The Lawyer’s new China Elite report contains the most detailed research available on the PRC legal market and contains unparalleled insight into the country's leading law firms. They vary in size, practice focus and geographic coverage, but they all share one common quality – ambition... Read more
This year, The Lawyer’s annual ranking of the largest UK law firms by turnover is available as an interactive, digital benchmarking tool. For the first time this will allow you to manipulate each data set against the metrics of your choice.
The International Lawyers Project (ILP) is looking for City lawyers who have been made redundant to help develop overseas projects.
The ILP, which is based at Clifford Chance’s Canary Wharf headquarters and is funded by sponsors including all the magic circle firms, aims to encourage lawyers to get involved in the equivalent of voluntary service overseas-type assignments.
Programme ;director Sarah Poland said: “Much of the work we want to develop will involve experts in their fields from major companies as well as the legal profession.
“No one’s immune from the present downturn and it seems a good opportunity to harness some of this talent and drive through some valuable pro bono work until the market picks up and the City of London reclaims its workforce.”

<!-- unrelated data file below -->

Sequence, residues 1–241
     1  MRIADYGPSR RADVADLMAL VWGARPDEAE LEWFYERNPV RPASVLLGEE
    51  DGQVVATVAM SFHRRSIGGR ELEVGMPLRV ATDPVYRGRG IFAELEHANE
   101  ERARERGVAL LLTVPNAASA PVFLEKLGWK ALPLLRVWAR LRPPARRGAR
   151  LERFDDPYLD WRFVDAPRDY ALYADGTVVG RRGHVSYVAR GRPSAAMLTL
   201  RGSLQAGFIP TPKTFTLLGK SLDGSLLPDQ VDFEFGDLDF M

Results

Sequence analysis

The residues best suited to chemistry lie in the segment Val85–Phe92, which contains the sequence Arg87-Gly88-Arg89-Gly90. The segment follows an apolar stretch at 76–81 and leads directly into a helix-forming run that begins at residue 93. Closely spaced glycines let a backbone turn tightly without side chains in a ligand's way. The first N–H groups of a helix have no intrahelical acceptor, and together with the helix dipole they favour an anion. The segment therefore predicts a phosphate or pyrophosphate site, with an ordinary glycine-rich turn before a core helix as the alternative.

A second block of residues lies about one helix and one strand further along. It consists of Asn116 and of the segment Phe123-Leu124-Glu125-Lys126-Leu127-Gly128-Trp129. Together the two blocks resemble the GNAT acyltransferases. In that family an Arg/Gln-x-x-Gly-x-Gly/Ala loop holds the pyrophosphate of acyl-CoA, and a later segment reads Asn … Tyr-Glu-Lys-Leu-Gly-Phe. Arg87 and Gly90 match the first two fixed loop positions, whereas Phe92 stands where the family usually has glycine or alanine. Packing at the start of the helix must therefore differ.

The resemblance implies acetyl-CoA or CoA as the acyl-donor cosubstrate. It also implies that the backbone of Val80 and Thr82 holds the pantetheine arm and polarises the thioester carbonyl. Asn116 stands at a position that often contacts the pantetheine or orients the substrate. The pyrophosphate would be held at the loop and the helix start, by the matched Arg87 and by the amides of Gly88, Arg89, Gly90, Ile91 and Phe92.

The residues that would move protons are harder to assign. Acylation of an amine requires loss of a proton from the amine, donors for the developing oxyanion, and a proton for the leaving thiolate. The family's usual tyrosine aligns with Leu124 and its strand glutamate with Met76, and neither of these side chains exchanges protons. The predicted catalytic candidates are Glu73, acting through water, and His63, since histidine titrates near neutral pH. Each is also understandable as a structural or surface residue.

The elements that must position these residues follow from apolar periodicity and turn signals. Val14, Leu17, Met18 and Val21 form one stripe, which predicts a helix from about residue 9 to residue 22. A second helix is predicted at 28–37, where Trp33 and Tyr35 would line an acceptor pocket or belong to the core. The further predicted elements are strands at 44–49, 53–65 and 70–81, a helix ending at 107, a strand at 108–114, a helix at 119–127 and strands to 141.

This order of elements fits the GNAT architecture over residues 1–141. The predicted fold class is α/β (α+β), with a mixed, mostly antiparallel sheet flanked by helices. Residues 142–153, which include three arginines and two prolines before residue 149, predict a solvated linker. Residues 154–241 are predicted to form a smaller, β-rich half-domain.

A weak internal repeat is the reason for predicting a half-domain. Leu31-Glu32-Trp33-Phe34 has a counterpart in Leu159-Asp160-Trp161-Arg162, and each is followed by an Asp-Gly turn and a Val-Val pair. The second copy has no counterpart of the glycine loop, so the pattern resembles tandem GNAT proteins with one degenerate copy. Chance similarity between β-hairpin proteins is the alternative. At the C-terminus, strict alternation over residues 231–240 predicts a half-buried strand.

Over the past six months the ILP has sent 28 lawyers from firms including DLA Piper, Herbert Smith and SJ Berwin to Tanzania, where they have been involved in developing the country’s legal system.
Part of the project has seen the lawyers help develop the curriculum at the recently formed law school in Dar es Salaam.
A previous project saw a group of City lawyers spend a week with 45 Tanzanian lawyers to teach them about alternative dispute resolution and advocacy. As part of the programme, the lawyers set up a mock courtroom at the offices of the British Council.